Below, it is evident how the body style differs between the winged aphids and the un-winged. The winged ones need to be successful at flight, so they are much lighter and thinner.

 That summer, what began as a small group of aphids, grew to immense proportions in just a couple of months! My vine literally had thousands of them covering the branches and new shoots. Then as summer ended and the temperatures dropped, so did the their populations. Most likely a large portion of the winged aphids were dispersed by the wind, passively bound for warmer regions. They can migrate great distances, and that is probably how they first ended up here, since they do not overwinter, or begin as eggs. The remaining un-winged aphids succumbed to extinction by freezing to death and dropping to the ground. I was actually sorry to see them perish.  

Last summer I looked forward to once again being able to observe their complex life cycle, but there were very few aphids visible on my vine. I guess there are a lot of atmospheric variables that affect the dispersal of insects, and last year just wasn’t as favorable as the previous year. Even though aphids are a well-established invasive species that can cause massive damage to the plants they feed on, I felt their establishment on my flowering vine was an enlightening experience and a wonderful glimpse into an incredible world where survival is the name of the game. One can learn so much about life by observing even the smallest of organisms! I feel fortunate to have been able to witness this incredible journey through the lens of my camera.  


Sunday, January 15, 2012

Bedazzled by Dragonflies

Male Blue Dasher

Dragonflies completely bedazzle me! Regardless of what I'm doing, or what my photographic focus is at the moment, once I spot that familiar burst of speed in my peripheral vision, the chase is on as if I'm spellbound! It is such a challenge to keep your eyes on these "Speedy Gonzaleses", and once they land it is always exciting to see what species they may be.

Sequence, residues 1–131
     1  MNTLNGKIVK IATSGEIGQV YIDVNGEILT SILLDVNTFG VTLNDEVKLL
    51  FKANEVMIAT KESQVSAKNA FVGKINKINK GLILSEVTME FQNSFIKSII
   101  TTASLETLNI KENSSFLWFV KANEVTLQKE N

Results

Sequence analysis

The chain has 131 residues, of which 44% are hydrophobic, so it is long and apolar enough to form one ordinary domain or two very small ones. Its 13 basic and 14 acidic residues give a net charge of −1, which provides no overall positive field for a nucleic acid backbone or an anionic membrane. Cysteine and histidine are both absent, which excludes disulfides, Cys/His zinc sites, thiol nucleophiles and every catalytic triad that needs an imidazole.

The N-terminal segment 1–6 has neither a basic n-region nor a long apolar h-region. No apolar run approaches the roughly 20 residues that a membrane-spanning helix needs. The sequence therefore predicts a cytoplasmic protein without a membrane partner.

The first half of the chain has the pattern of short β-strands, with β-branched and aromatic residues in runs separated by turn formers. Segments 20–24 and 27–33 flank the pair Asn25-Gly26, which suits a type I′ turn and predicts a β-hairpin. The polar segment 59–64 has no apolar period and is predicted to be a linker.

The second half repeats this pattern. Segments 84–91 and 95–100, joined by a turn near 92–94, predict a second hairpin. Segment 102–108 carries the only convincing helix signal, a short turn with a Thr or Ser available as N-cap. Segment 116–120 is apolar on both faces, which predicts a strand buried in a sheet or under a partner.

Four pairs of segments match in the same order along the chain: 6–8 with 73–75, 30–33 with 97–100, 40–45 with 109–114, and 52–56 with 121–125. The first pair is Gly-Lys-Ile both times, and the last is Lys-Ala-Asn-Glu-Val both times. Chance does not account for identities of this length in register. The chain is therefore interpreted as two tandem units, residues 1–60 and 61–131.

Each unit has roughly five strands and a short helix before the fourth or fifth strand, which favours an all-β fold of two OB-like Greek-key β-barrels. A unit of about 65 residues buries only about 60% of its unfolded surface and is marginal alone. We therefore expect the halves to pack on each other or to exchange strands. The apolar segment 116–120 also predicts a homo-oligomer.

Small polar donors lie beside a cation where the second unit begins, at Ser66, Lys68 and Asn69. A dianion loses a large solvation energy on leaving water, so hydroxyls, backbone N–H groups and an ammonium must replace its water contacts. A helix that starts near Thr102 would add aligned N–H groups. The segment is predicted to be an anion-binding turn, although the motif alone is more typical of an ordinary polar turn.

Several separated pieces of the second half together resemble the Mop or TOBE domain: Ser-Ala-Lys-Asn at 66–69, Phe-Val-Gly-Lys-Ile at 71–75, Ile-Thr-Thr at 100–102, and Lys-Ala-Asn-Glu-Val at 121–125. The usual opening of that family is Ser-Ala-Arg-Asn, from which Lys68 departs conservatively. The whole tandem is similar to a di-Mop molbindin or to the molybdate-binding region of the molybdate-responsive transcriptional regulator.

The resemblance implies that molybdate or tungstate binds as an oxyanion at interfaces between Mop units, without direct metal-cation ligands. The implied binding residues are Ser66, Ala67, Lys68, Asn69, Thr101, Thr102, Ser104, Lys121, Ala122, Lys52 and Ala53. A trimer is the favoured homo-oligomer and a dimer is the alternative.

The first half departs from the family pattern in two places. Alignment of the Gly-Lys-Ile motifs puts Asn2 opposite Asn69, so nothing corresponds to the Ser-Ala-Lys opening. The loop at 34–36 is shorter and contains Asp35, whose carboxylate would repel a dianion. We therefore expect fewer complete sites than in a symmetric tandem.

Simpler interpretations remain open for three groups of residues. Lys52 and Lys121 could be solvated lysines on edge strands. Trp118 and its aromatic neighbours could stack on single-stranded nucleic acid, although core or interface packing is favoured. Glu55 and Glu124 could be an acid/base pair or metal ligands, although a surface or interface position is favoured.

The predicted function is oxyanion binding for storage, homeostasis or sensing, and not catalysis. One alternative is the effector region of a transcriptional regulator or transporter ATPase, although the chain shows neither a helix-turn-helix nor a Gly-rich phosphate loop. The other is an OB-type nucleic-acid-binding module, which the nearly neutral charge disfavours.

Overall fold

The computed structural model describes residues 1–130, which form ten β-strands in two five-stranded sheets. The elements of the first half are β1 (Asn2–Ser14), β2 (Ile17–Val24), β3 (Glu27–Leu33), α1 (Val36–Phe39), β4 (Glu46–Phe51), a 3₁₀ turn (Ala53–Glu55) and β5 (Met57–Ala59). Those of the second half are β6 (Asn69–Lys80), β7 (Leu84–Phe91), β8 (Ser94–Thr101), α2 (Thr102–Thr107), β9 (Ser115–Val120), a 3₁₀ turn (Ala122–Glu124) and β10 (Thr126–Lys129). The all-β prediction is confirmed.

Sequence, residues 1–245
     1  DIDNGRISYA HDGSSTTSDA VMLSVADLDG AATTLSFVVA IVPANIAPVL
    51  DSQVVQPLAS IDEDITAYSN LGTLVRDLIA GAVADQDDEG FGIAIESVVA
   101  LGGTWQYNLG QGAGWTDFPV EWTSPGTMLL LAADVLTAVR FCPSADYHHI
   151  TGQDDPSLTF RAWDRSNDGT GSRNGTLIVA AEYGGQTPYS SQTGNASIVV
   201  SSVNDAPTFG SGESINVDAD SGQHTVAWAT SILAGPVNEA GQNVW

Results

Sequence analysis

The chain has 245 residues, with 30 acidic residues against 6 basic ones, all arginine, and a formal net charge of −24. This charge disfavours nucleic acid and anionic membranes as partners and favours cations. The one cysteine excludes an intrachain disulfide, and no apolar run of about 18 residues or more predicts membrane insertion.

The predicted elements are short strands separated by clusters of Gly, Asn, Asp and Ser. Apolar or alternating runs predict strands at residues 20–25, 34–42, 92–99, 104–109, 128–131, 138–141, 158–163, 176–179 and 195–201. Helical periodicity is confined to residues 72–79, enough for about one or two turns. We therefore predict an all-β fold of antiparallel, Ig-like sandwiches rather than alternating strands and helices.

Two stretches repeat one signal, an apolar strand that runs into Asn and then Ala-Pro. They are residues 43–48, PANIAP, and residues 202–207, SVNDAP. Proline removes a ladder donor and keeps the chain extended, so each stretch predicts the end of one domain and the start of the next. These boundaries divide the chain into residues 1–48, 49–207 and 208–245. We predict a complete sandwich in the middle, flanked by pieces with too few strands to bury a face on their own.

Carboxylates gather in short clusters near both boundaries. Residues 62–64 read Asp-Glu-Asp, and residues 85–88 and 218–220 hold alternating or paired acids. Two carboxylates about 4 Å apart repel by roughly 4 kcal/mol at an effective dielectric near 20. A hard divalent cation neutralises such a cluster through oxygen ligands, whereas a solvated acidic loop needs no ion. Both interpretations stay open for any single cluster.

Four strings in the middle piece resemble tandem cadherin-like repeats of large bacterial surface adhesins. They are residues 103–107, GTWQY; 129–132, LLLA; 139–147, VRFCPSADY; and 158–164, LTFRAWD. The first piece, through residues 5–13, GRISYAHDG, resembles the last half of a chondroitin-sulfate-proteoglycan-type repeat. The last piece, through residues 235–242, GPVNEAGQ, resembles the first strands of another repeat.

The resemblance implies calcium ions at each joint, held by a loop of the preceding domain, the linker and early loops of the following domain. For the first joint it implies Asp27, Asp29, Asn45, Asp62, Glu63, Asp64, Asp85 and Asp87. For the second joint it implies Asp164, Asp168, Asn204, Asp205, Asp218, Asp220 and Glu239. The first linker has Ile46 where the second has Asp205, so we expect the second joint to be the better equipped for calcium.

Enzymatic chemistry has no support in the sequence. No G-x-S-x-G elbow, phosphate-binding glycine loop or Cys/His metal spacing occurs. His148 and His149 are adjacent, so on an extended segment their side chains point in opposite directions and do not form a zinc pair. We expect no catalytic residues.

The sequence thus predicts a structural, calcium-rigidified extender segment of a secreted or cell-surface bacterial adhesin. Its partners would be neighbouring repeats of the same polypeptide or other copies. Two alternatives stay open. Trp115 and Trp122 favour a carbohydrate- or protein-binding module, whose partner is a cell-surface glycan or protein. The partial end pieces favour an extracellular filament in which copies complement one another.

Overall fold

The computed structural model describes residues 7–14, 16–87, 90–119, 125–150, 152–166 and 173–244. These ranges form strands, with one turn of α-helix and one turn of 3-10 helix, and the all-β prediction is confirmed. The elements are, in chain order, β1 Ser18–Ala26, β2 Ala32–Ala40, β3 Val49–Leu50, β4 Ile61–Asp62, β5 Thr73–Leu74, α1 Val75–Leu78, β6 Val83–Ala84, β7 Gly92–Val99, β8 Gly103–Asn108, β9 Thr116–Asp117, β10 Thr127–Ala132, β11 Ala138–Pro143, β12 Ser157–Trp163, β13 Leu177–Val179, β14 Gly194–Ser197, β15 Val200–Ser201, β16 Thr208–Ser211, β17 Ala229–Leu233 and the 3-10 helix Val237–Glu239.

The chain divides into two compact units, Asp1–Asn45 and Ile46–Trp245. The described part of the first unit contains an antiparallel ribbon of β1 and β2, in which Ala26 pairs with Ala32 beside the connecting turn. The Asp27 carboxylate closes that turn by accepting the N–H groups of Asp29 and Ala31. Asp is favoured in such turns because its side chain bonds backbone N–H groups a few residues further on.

I've always been captivated and inspired by these beautiful, interesting creatures. The dragonfly's amazing agility is one of its most profound characteristics. Their maneuverability is as precise and skilled as that of an elite jet fighter pilot. I am in awe of how they can obtain incredible speeds, then abruptly turn or hover in mid-air as if carrying out a mission. It is a joy to watch as they patrol their domain, relentlessly chasing other species who dare invade their space. Even though they will fight other dragonflies to their death, and are voracious predators, they are also extremely delicate, gorgeous and can be downright charming! They are truly and literally a work of art!

Their colors and patterns are exquisite. Their relationship with light is a poetic one, as their fragile wings display an ethereal iridescence while the bold, beautiful colors of their bodies shimmer like jewels in the sun. It is no wonder they are regarded as mystical and symbolic by so many cultures.